A reader writes:
My partner and I play long suit game tries after a major suit opening is raised to the two level. Too often we miss a good four of a major contract, or we go down in three when we overbid. This is getting frustrating. How can we improve our bidding after game trials?
I sympathize. It feels lousy to watch partner decline your game try and then fail at the three level. It feels worse to pass the raise only to make game when partner tables a good-fitting maximum. Major suit raise auctions can be improved, but surprisingly advanced game trials techniques are only a small part of the solution. After an auction begins 1
98% of the time the hand belongs either in game or in partscore.
Suppose you knew in advance whether the hand belonged in game or partscore. How would you bid? When the hand belongs in game, the best strategy would be to jump directly to game. Other calls expose information that help opponents to defend. When the hand belongs in partscore, the best strategy would to pass. Playing three spades offers no bonus over two spades and increases the chance you will go minus. So if opener knew in advance whether the hand belonged in game or partscore, he would never make a game trial. Let’s call this bidding approach, the ideal strategy, since it can only occur in an ideal world where we have foreknowledge of partner’s hand.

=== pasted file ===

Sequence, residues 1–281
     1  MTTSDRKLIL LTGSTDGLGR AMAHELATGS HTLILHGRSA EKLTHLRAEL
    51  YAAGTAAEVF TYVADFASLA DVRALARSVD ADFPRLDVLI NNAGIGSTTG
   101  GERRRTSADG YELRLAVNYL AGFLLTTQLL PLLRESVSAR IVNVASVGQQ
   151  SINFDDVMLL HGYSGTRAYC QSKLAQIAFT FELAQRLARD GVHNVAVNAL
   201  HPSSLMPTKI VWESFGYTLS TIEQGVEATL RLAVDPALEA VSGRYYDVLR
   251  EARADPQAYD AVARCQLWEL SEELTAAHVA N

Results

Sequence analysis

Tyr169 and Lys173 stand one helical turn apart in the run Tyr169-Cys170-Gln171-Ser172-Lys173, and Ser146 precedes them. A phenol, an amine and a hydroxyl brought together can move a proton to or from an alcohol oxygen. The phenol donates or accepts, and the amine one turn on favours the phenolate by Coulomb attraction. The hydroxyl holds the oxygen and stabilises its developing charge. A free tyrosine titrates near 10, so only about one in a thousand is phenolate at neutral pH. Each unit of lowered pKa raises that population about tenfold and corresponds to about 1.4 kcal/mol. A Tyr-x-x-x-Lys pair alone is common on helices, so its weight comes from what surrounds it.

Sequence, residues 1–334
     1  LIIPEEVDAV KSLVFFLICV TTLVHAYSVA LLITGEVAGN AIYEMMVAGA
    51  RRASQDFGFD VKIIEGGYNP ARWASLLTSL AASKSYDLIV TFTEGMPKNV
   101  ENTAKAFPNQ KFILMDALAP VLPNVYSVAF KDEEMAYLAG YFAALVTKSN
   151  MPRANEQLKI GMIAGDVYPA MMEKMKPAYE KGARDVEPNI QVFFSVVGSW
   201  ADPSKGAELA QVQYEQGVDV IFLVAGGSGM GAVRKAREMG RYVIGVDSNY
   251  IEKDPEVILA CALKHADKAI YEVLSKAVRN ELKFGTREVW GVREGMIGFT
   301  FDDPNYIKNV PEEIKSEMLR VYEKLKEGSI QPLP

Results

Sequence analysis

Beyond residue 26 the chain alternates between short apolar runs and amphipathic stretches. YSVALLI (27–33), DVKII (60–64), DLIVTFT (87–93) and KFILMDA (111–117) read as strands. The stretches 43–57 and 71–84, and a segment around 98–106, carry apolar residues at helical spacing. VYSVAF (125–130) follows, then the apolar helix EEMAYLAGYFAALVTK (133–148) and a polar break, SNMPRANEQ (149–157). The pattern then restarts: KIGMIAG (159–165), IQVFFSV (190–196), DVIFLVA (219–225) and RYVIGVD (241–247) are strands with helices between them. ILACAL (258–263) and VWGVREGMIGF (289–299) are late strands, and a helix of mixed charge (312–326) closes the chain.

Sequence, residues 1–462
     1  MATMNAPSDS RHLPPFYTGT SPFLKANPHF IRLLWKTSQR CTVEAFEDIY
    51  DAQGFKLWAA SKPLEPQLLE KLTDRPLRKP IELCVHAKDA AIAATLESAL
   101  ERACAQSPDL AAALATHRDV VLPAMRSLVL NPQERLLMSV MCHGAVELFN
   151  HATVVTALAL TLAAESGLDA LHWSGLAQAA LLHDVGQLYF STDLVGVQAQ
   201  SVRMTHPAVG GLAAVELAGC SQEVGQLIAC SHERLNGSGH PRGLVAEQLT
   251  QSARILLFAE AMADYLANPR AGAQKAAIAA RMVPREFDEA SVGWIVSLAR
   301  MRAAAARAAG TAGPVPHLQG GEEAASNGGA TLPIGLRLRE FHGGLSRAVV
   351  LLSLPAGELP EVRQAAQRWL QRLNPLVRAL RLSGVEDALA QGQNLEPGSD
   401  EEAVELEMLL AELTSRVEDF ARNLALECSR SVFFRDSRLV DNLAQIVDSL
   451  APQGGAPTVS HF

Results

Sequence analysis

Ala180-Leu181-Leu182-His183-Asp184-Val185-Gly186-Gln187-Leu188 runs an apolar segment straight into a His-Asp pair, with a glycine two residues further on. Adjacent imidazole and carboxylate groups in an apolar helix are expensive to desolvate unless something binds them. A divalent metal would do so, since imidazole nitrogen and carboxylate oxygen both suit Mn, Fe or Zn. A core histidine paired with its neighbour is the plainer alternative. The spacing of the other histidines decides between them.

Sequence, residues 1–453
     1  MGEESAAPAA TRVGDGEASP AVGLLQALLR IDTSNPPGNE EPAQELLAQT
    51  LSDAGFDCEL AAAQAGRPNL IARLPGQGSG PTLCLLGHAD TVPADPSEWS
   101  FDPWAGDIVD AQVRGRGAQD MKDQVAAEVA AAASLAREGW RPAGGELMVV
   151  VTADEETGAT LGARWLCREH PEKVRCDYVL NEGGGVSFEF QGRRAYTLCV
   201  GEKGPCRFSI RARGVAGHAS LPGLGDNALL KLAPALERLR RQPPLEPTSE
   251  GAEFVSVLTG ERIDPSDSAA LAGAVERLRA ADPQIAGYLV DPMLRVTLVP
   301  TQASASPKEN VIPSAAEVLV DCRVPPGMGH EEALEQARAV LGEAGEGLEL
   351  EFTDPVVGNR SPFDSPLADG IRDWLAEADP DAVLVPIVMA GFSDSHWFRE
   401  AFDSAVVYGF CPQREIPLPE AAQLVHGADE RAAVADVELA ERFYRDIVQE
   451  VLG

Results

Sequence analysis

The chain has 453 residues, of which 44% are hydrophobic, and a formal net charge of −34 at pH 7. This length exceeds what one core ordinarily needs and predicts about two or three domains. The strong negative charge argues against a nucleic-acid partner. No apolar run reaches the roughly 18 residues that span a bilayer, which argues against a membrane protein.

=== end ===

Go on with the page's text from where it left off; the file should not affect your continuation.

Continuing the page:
Unfortunately, in the real world, we can’t apply the ideal strategy. When a single raise might include anywhere from 6-10 points and 3-5 trumps, abandoning game trials would lead to many disastrous over- and underbids. Is there a way that we can get closer, so we are required to game try less often?
Perhaps if our single raise was more narrowly limited, that would help our problem. If the raise to two of a major was more narrowly defined, opener would often know the correct level simply by hearing the raise.
We need two ways to raise: one to show 5-7 and another to show 8-10. This bidding style is known as constructive major suit raises. The constructive raise style requires that you play 5-card major suit openings and a forcing 1NT response.
A constructive raise is defined as a single raise to two of a major and shows a good 8 to a bad 10 points plus three or more trumps. Examples:
A weak raise is shown by bidding 1NT and later taking preference to two of a major. This sequence serves double duty and shows either 5-to-7 HCP and three trumps or 6-to-9 and a doubleton in trumps.
Pass 1NT Pass
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